By Tim Gardner
Like the rest of the North Carolina High Country and many other areas statewide, Avery County is coping with a lack of much-needed rainfall and drought conditions. As a result, the county’s Fire Marshal has issued a local burning ban.
It became effective as of 5:00 p.m. on Tuesday, November 7 and will remain so until an adequate amount of rainfall is received in the county to alleviate its present drought conditions, according to Avery County Emergency Management Director and Fire Marshal Paul Buchanan.
The ban is for all outdoor open burning across the county and within the municipalities of Banner Elk, Sugar Mountain, Crossnore, Elk Park, Grandfather Village, and Newland. It prohibits “open burning within 100 feet of an occupied dwelling regardless of the issuance of a permit, including, but not limited to, recreational fires, portable outdoor fireplaces, burning of yard debris, bonfires, and outdoor fire pits,” Buchanan said.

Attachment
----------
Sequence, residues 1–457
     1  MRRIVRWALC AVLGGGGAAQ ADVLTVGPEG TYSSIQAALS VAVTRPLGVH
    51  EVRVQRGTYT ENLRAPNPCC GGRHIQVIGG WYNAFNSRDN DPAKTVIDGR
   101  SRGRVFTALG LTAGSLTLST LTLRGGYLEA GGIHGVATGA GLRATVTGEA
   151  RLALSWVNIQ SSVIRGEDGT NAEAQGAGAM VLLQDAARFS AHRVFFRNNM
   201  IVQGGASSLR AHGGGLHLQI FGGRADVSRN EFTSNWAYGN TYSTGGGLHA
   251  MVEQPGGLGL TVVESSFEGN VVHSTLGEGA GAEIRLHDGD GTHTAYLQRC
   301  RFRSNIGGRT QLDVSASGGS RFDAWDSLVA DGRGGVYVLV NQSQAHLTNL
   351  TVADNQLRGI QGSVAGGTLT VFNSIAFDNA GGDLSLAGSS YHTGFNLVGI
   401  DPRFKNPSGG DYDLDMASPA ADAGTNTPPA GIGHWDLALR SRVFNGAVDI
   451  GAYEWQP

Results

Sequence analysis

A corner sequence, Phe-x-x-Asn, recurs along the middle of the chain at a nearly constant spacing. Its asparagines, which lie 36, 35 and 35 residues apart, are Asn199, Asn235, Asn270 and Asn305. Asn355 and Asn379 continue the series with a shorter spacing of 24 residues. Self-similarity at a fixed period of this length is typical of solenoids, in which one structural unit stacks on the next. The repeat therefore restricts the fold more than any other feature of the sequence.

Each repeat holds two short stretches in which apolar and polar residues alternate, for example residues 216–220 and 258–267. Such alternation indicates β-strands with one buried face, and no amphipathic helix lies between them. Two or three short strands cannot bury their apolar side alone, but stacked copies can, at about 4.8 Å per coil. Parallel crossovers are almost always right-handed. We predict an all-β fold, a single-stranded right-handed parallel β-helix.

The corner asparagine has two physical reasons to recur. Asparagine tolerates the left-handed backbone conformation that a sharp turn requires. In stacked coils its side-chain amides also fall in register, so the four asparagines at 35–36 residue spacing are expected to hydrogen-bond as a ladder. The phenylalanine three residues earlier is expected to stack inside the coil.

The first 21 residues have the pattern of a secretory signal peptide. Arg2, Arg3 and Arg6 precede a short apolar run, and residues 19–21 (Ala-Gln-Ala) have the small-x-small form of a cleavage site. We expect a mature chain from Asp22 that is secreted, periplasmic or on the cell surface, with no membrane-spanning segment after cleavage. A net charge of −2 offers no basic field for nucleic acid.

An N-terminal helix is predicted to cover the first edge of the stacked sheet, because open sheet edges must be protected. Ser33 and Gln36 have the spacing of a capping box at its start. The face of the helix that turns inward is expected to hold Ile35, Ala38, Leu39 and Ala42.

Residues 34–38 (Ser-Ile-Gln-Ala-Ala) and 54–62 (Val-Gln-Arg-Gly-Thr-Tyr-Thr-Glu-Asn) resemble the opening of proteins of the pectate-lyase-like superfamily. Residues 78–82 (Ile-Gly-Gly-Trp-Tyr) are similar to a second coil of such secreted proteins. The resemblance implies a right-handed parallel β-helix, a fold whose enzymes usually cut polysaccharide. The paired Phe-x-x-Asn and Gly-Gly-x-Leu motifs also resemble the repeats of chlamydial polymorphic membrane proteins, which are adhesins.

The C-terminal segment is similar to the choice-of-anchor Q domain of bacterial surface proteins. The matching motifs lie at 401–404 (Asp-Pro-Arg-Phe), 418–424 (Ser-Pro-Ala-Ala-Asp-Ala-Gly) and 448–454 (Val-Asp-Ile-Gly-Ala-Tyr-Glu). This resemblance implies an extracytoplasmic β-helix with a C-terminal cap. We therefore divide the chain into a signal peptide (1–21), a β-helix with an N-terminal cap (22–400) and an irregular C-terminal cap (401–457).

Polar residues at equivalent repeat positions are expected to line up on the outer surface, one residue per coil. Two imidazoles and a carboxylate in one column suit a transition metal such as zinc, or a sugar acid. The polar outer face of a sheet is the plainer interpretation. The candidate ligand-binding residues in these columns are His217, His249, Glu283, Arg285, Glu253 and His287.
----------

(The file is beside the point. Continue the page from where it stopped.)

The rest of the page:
The open burning ban by the Fire Marshal is authorized per North Carolina Fire Code, Chapter 3, Section 307 , which states that “Burning shall be prohibited when atmospheric conditions or local circumstances make such fires hazardous and to prevent the potential for increased fire hazards due to extremely dry weather conditions.”
According to the latest update from the National Weather Service, there is a 50 percent chance of rain showers on Thursday night, November 9 and a 70 percent chance on Friday, November 10. The chance drops to 40 percent on Friday night. However, less than a tenth of an inch of rain is expected on Thursday night and lower amounts on Friday and Friday night.
Buchanan added that his office will issue a public statement announcing when the burning ban is lifted.
All inquiries about the burning ban should be directed to the office of the Avery Fire Marshal by calling (828) 733-8210.